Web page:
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New market lows as crops are huge

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Grain and oilseed futures at the ICE Canada futures market have dropped to fresh contract lows since my last column. The continued weakness in the economic markets is pressuring values down as is the weakness in the U. S. futures markets. Canola dropped well below $400/tonne as slow fresh demand and a record large canola crop sent prices lower. Bearish technical signals and pricing of forward delivery contracts by farmers weighed on the market as we came up to Christmas. Western barley has dropped sharply on declines in U. S. corn and slow demand.

Chicago soybean and corn futures also hit fresh contract lows, penetrating significant levels at $3.50/ bu for corn and $8.00/bu for soybeans. The problems in the financial market continued to weigh on prices. The soy complex declined as demand slowed with bearish technical signals also sending prices lower. Giving only minor support were drought problems for the South American soybean crops. China continues to be a stronger buyer of U. S. soybeans. U. S. corn futures fell as weakness in crude oil and sluggish export demand weighed on prices. Competition from cheap feed wheat, globally, also pressured the markets down.

Wheat futures fell sharply at all three U. S. markets. The losses in corn and soybeans did weigh on wheat values. A sluggish export pace and favourable conditions for the U. S. winter wheat crop also pressured prices down. Giving some support were smaller Australian and Argentine wheat crops.


Statistics Canada brought out its latest crop production estimates and

shocked farmers and the grain trade with the large size of the crop. It seems like less-than-ideal weather had little impact on production.

The most shocking number came for canola as StatsCan pegged the crop at a record 12.642 mln tonnes, up from the Sept estimate of 10.887 mln tonnes and last year’s 9.529 mln tonnes.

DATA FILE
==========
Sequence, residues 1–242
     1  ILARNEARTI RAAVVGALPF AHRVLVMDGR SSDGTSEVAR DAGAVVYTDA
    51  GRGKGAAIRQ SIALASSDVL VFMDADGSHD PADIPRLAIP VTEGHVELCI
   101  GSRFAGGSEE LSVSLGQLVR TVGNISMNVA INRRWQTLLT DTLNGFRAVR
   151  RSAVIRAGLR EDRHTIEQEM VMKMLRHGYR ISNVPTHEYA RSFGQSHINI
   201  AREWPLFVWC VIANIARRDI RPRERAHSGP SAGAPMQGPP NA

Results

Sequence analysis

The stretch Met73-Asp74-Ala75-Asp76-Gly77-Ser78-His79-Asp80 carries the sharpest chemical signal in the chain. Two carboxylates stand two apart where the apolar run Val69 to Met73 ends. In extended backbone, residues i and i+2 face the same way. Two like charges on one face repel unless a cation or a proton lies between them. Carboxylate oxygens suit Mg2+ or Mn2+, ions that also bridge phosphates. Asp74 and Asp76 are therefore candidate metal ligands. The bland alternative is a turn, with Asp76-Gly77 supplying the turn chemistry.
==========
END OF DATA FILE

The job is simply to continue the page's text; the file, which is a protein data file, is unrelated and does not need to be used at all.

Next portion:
This means supply this year will be a whopping 14.18 mln tonnes. With consumption set to be about 10.6 mln tonnes, supplies at the end of the crop year will be about 3.5 mln tonnes, a new record.

This is already pushing canola prices down and the farm gate prices have dropped below $8.00/ bu in many areas. In most areas, $8.00/bu is breakeven for producers. However, the trade now has a problem. Consumption of canola next year is expected to increase to about 11.5 mln tonnes as increased crushing capacity demands more canola.

The poorer prices, higher input costs and greater risk of growing canola will likely mean that canola acres are going to drop in 2009. In 2008, seeded area was 16.159 mln acres. If farm gate prices remain at these levels, it is likely that canola area would drop to the 15.0 mln acre level. With average yields the crop would be about 10 mln tonnes.

This would be a total supply of 13.5 mln tonnes for the 2009-10 crop year. If consumption hits 11.5 mln tonnes, as expected, then ending stocks will drop to 2 mln tonnes, which is 17 per cent of usage and not burdensome. If there is a threat that canola area would drop further than the 15 mln acre level then the industry will be in trouble.

As a result I still maintain this spring there will be a canola rally in order to attract seeding. Assuming that the global financial system can return to some kind of normalcy, I can see canola farm gate bids between $9 to $10/bu for the 2009-10 crop year contracts. The record strong pace of usage for the current 2008-09 crop year will help to bring canola futures back to the $8.00-$9.00/bu level after the current weakness fades.


StatsCan pegged barley output at 11.781 mln tonnes, up from 11.219 mln in Sept and last year’s 10.98 mln tonnes. This makes for a total supply for 2008-09 of 13.3 mln tonnes. I am looking for consumption to be about 10.5 to 11 mln tonnes as feedlots have returned to full barley rations. This would put ending stocks at 2.3 to 2.8 mln tonnes which is burdensome and suggests weaker values.

Farm gate prices will likely fall in a $2 to $3.50 range with $4/bu likely to be the high in Alberta. Domestic barley prices will be higher than the export market.

StatsCan forecast the 2008 wheat crop at 28.611 mln tonnes, up from the Sept estimate of 27.266 mln tonnes and last year’s 20.054 mln tonnes.

I had been looking for higher exports in 2008-09, but to date exports are lagging. Everything suggests that exports will still outstrip last year, so for the time being, I will hold my total use estimate at 25.9 mln tonnes, up from 22.064 last year. This would leave ending stocks in 2008-09 at 7.5 mln tonnes, up from 4.816 mln tonnes. Much of this will be durum though, and I still feel that non-durum spring wheat ending stocks will not be burdensome.

However, the international market is reacting to a record large crop and not the fact that ending supplies are the fourth-tightest level in 20 years. I still feel prices will bounce back once the global financial problems are stabilized. Longer term the wheat outlook is actually quite friendly.

– Don Bousquet is a well-known market analyst and president of Resource News International (RNI), a Winnipeg company specializing in grain and commodity market reporting.



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